Nevertheless, the ability to perform athletic events requiring high levels of motor control under emotional stress but not high levels of aerobic or anaerobic energy release, is probably increased during beta-blockade.Do beta-blockers affect performance? ›
Sheps, M.D. Beta blockers slow the heart rate, which can prevent the increase in heart rate that typically occurs with exercise. This means that it might not be possible for you to reach your target heart rate — the number of heartbeats per minute you typically aim for to ensure you're exercising hard enough.
For people who experience situational or performance-related anxiety, beta-blockers (a medication commonly prescribed for heart conditions) can provide some relief.What is the first drug of choice for angina? ›
Nitrates or beta blockers are usually preferred for initial treatment of angina, and calcium channel blockers may be added if needed. The number and type of medications used are often tailored to how frequently angina occurs in an average week.How can I reverse angina naturally? ›
- Stop smoking. Smoking cigarettes is detrimental to cardiovascular health and efforts should be made to stop.
- Work towards a healthier body weight. ...
- Consume omega-3 fats (EPA+DHA) ...
- Eat more plants. ...
- Reduce intake of bad fats and sugar. ...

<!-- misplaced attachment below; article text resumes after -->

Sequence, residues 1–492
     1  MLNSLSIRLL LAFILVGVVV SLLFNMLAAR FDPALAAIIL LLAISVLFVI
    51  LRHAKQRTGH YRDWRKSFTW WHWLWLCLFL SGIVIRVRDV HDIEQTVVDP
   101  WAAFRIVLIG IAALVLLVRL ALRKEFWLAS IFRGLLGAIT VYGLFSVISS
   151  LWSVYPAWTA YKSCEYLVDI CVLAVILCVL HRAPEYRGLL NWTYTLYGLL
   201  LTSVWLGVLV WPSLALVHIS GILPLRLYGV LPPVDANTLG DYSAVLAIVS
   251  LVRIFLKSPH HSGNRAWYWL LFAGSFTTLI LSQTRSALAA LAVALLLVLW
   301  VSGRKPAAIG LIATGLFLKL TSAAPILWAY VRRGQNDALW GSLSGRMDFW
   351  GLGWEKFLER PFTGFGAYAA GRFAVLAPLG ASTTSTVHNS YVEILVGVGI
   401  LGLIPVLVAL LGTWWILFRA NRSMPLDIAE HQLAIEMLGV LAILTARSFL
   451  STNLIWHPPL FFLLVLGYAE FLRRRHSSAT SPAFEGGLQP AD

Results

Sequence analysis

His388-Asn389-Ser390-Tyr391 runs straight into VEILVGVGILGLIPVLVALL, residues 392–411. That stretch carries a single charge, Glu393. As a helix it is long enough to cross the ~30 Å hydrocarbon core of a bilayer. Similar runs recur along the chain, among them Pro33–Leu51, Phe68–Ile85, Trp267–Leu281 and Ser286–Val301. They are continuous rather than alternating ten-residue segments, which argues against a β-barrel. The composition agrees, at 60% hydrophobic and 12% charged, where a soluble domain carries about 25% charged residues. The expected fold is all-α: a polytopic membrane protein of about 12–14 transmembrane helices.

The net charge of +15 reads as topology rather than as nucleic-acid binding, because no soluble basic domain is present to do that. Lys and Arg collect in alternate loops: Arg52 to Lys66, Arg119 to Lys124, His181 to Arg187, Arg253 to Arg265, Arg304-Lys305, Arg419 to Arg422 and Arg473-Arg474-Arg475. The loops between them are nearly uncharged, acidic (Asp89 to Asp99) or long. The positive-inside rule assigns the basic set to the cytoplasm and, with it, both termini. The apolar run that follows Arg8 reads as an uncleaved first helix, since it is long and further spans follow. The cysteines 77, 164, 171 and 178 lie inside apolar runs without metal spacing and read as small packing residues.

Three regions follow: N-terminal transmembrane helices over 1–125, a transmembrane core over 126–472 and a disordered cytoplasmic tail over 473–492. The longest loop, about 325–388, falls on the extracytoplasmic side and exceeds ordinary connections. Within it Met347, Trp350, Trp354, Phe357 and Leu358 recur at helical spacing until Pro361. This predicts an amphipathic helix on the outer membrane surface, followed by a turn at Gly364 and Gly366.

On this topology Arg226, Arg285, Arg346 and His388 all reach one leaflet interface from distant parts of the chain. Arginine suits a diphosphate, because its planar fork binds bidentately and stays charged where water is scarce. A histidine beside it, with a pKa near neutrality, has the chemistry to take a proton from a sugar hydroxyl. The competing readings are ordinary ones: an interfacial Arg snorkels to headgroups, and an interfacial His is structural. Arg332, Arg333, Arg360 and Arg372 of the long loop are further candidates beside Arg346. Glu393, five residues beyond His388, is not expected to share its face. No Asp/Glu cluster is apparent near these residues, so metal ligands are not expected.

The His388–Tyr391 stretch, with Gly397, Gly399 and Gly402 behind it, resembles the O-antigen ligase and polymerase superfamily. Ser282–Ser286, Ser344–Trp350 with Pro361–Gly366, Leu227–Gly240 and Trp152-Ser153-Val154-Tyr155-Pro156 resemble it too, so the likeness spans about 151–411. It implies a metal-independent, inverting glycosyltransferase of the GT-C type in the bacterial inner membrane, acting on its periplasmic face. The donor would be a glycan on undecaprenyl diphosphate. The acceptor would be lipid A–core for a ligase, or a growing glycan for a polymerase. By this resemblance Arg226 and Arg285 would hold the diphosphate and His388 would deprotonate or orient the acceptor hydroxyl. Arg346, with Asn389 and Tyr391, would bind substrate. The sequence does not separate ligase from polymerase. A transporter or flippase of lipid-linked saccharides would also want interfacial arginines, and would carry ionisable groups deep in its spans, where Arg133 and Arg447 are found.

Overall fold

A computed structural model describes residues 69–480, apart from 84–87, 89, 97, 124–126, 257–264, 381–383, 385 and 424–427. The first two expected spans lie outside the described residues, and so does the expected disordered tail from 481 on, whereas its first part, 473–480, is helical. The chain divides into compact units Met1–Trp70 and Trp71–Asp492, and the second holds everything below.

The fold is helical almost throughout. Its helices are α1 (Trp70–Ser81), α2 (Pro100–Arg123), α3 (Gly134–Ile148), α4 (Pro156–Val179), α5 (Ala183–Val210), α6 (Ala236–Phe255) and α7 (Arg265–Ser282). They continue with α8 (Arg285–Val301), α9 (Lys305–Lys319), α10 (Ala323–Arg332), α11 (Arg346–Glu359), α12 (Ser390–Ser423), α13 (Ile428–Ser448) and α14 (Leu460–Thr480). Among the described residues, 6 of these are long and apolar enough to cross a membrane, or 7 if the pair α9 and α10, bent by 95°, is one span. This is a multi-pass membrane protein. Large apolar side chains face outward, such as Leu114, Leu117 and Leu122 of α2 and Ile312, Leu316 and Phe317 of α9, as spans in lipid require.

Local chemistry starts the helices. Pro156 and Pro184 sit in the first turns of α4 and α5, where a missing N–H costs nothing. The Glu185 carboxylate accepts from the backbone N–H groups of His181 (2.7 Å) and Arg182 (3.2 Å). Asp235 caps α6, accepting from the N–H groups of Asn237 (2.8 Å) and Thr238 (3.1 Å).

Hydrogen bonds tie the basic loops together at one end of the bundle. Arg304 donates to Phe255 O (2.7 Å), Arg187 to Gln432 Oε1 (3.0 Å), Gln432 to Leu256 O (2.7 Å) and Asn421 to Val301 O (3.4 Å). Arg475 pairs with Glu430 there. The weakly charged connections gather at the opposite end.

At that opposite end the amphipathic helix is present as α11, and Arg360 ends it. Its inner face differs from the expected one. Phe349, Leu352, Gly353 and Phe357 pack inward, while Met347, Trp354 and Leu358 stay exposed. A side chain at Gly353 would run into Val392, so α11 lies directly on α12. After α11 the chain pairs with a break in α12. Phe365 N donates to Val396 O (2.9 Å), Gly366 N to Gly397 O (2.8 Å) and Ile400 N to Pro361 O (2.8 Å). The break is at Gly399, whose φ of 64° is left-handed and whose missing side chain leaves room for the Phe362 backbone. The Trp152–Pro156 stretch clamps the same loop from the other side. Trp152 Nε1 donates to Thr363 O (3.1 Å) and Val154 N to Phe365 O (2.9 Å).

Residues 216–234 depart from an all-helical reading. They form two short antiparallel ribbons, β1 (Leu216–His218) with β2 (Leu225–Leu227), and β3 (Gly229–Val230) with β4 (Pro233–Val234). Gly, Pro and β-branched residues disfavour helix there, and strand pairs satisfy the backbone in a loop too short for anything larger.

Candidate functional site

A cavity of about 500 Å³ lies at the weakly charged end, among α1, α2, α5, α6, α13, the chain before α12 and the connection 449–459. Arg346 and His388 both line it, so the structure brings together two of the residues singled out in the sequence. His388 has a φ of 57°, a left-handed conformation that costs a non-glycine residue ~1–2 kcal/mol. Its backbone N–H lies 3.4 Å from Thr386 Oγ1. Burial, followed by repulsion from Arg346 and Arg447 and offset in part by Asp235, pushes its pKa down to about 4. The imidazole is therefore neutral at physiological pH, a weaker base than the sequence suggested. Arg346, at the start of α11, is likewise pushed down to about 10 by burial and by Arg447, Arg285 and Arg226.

- Exercise regularly.
The nitrate-induced acceleration of heart rate should be compensated by the addition of beta-blockers or heart rate-decreasing calcium channel blockers. Therefore, the combination of nitrates with heart-rate-increasing calcium channel blockers, such as nifedipine, should be avoided.Do beta-blockers increase energy? ›
The anti-adrenaline effect of beta-blockers — the very quality that makes them valuable for treating heart failure — can make patients feel tired. Most patients do not experience any side effects.How long should you be on beta-blockers? ›
Guidelines recommend beta blocker therapy for three years, but that may not be necessary. Beta blockers work by blocking the effects of the hormone epinephrine, also called adrenaline. Taking beta blockers reduces your heart rate and blood pressure. This eases the workload on your heart and improves blood flow.What do doctors prescribe for performance anxiety? ›
Propranolol is sometimes used off-label to help with certain kinds of anxiety, such as performance anxiety. Propranolol can help with physical performance anxiety symptoms, including dry mouth, nausea, fast pulse, or shaky hands. It's FDA-approved to treat many other conditions, such as high blood pressure and tremors.What should you not take with gabapentin? ›
- strong painkillers, such as morphine – these can make you very tired and dizzy when you start taking gabapentin.
- antidepressants, such as amitriptyline or fluoxetine.
- antipsychotic medicines for mental health problems like schizophrenia or bipolar disorder.
Fish, garlic, berries, and certain vitamins and amino acids are all natural sources of beta-blockers. Doctors usually prescribe beta-blockers to treat cardiovascular conditions such as angina and hypertension, which is also known as high blood pressure.